>>"isn't phobos glt/artistic?
>>
>>As a preventive measure I delete all Synesis source code from
>>my machine.
>>Luckally I never used any and my project (DUI and leds) still
>>compile with the new version of phobos.
>>
>>My problem is that in the future some Synesis might see
>>some similarities on their code and mine and claim ownership
>>of something I wrote...
>>Ok here is the complete message I wrote last night:
>>
>>*** original complete message ***
>>
>>IANAL so I might be going overboard for nothing...
>>
>>please enlighten me.
>>
>>from phobos.loader:
>>
>>*              (ii) Any derived versions of this software (howsoever
>>modified) *              remain the sole property of Synesis Software.
>>
>>
>>Can we live with this?
>>I can not.
>>
>>I can't admit that in the future Synesis claims ownership of some thing I
>>wrote because it might have some similarities.
>>With the current IP and patent problems I can not afford to look at code
>>with that type of license at least until I discuss this with my lawyer.
>>
>>As preventive mesuares:
>>I just deleted all source code from Synesis from my computer.
>>I deleted any files on the phobos src tree that contained the string
>>"ynesis" (except std/mmfile.d that doesn't contain the Synesis license)
>>and all my old (previous versions) dmd.zip files.
>>and I deleted the recent downloaded dmd.zip for dmd 0.86
>>
>>Matthew, if there is another procedure to follow by someone that
>>doesn't agree with the Synesis license let me know.
>>
>>phobos still compiles (after changes to linux.mak) and DUI and leds
>>still compile and run with the new phobos.
>>
>>Walter, can you distribute phobos without the source code from Synesis?
>>Acording to some recente reading from growklaw If one has access to
>>some code and produces something similar it's assumed that it is a copy
>>even if the author claims never had look to the code
>>(for the US I guess).
>>
>>"header" files should be OK unless the ridiculous claim SCO made on
>>linux .h files is sanctioned by the courts.
>>
>>Thanks,
>>
>>Ant"
>>
>>-------------------------------------------------------------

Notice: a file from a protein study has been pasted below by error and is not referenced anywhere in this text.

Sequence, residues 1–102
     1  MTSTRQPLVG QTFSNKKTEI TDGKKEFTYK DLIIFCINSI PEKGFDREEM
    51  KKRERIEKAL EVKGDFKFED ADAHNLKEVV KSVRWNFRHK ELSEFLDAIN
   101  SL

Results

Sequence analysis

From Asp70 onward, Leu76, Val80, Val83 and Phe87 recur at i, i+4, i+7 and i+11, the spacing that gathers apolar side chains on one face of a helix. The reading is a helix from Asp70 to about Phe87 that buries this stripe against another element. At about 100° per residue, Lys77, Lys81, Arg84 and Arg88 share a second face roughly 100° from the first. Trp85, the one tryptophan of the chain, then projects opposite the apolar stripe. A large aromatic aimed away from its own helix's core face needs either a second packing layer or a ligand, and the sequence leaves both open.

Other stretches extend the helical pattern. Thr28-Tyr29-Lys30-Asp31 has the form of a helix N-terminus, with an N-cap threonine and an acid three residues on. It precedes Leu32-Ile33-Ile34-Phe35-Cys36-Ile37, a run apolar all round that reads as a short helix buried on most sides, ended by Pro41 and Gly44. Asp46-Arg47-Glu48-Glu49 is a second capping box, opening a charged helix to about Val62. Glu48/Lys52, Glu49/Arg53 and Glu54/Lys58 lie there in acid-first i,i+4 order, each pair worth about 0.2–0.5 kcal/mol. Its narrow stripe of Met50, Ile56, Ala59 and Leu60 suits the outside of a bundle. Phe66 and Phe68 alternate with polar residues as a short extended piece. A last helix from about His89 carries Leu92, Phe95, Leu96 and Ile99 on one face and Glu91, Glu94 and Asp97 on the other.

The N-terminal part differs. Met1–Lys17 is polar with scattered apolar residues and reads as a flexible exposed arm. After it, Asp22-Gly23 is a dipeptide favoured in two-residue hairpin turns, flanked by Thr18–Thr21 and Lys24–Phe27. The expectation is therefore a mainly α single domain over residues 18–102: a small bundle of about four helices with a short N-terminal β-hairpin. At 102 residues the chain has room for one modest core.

>>
>>As you can see, he removed all bad licensed sources from phobos and it
>>still compile his softwares (DUI and LEDS).
>>
>>I think that if we want a free/open library, the best way is to remove the
>>problematic sources or, preferably, the authors of that code change to a
>>Free licence.
>>
>>Bruno.
May 07, 2004
Re: Phobos License
I agree with you:  D is a fantastic  
>programming language, but without a free
licence I don't think D becomes  
>widely used so soon.  
 
In the message
http://www.digitalmars.com/drn-bin/wwwnews?D.gnu/549  
 
Walter told us
(answering a similar question from myself) that  
"It should be under a dual
gpl/artistic license. I'll see about fixing it."  
 
I think it would be very
nice if Walter could fix this soon, since I would  
like to use D to develop
free software (and hopefully many people in the  
free software comunity would
love to do the same), but if the license of  
phobos is not clear, we cannot use
it.  
 
(since for example, GPL'ed code cannot be linked legally with code
under  
an incompatible license, for example propietary)  
 
Best regards,
Pablo De Nápoli  
pdenapo AT yahoo.com 
 
In article
<c78hd9$k34$1@digitaldaemon.com>, Bruno A. Costa says...  
>  
>You should share
your ideas in the digitalmars.D newsgroup. There are most  
>of the users. And
some (as me) think that the license is a real problem in  
>the general
acceptance of D. I am new in D, and it is a fantastic  
>programming language,
but without a free licence I don't think D becomes  
>widely used so soon.  
>
>Bruno.  
>